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When watching Ewan McGregor and Ethan Hawke in Raymond & Rayplaying with each other so comfortably and authentically like a pair of half-brothers emotionally shaken by their late father that it’s almost impossible to believe they’ve never worked together before, let alone on one thing or another. way not related.

They owe Rodrigo Garcia for the introduction, and they in turn repaid the filmmaker known for his portrayals of complex women in films like Nine lives and Albert Nobbs with a winning dive into contemporary masculinity and all its idiosyncrasies that is perceived as tenderly as it is laughably funny. Viewers could find plenty to enjoy, not to mention to identify with, when the original Apple movie, which debuted at TIFF, arrives on streamer and in select theaters on October 21.

Raymond & Ray

It comes down to

A grippingly entertaining tragicomedy.

Location: Toronto International Film Festival (Gala Presentations)
Publication date: Friday, October 21 (Apple TV+)
Form: Ethan Hawke, Ewan McGregor, Maribel Verdu, Vondie Curtis Hall, Sophie Okonedo
Director-Scriptwriter: Rodrigo Garcia

Rated R, 1 hour 46 minutes

The father’s sins are easily reflected in the damaged goods that are McGregor’s Raymond and Hawke’s Ray (they were actually both called Raymond by their abusive father, Harris, to mess with them), who reunite after a long time apart for their funeral of an old man.

In some ways, the Felix for Ray’s Oscar, Raymond has a cautious, dutiful reserve that barely contains the frustration and sense of failure that bubble to the surface after two divorces and one divorce. Melancholy Ray, a recovering heroin addict and failed trumpeter whose bad boy vulnerability is catnip to virtually every woman he meets, manages to put aside the initial bickering and find common ground in their shared desire to see their father buried beneath it, what would hopefully give them the much-needed closure.

But when they arrive at the funeral home, they begin to realize that the person they thought they knew was regarded by others as a remarkable man, especially the feisty Lucia (played to irresistible perfection by the Spanish Maribel Verdu), who is the last flirt of was their father, and mother to the little brother they never knew they had. More siblings emerge from the woodwork in the cemetery, where Harris’s dying wish was for his sons to dig his grave (among other bizarre stipulations) and where things, unsurprisingly, reach a amusingly absurd climax before they reach it. set the stage for a necessary cure.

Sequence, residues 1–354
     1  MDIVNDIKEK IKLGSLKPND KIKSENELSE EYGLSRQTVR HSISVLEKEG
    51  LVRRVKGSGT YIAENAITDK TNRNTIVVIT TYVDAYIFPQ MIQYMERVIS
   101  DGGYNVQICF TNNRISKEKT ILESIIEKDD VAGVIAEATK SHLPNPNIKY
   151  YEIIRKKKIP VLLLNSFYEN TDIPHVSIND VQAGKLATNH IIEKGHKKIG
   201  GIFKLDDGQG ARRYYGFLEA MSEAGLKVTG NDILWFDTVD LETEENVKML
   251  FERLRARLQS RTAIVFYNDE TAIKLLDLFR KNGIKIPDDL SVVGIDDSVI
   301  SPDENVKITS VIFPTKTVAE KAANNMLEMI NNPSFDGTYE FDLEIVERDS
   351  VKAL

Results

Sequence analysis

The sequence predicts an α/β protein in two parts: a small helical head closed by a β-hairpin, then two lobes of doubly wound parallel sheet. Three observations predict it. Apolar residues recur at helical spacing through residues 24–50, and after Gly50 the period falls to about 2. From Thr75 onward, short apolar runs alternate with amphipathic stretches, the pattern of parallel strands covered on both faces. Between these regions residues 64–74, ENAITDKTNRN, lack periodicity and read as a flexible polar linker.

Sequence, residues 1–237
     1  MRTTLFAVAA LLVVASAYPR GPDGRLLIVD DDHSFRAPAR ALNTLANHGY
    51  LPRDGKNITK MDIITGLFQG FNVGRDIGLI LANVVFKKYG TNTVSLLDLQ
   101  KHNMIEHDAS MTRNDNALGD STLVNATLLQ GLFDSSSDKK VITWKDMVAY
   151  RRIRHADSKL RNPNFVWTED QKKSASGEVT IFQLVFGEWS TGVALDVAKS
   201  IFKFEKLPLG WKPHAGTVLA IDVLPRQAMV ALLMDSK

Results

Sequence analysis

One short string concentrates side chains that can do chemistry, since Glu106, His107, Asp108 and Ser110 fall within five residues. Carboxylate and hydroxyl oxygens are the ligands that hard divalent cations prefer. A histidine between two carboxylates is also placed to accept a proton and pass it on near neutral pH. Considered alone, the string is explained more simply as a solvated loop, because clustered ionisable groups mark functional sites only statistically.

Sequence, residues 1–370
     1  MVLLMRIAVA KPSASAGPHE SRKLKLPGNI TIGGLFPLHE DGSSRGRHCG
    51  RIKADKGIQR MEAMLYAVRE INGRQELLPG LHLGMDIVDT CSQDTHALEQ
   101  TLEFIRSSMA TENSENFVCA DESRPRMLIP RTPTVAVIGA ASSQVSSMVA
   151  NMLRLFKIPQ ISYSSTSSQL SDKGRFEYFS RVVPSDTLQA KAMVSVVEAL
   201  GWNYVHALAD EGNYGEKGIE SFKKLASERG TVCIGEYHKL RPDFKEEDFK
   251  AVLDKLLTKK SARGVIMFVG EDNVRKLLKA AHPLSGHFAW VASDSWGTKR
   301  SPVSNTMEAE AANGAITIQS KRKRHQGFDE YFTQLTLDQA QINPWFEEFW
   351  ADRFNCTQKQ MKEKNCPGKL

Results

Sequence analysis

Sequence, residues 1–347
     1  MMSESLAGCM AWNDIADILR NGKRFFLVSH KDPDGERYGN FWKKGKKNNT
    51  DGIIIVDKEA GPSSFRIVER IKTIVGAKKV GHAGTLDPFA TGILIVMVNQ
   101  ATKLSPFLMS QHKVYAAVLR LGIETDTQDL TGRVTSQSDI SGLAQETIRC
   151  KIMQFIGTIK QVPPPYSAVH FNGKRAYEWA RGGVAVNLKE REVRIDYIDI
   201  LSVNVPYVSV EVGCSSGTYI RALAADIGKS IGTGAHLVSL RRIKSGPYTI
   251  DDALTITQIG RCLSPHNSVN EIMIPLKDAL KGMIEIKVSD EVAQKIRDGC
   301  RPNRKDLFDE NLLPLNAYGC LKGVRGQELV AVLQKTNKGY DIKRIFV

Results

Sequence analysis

Garcia’s beautifully calibrated, life-reflecting scripted tragicomic tapestries and unhurried directing give the performances plenty of breathing room, in part paying tribute to old-school buddy movies from the 1970s. In addition to McGregor, Hawke (who also gets the chance to show off the trumpet -handling skills he gained playing Chet Baker in Born to be blue), and the vivacious Verdu, the rest of the ensemble — including a soulful Sophie Okonedo as their father’s former nurse and Vondie Curtis Hall as his stunned “spiritual guide,” Rev. Red West – each get their time to shine.

There is a predominant naturalism in the production locations in Richmond, Virginia, richly captured by cinematographer Igor Jadue-Lillo, while composer Jeff Beal accentuates the melancholy with a sparse, moody jazz trumpet score.

While the film struggles a bit to come up with an equally fluid exit strategy, in an effort to offer both Raymond and Ray a possible second act, courtesy of Verdu and Okonedo respectively, Garcia’s final investigation into the human condition is nevertheless more than capable of turning the fun back into dysfunctional.

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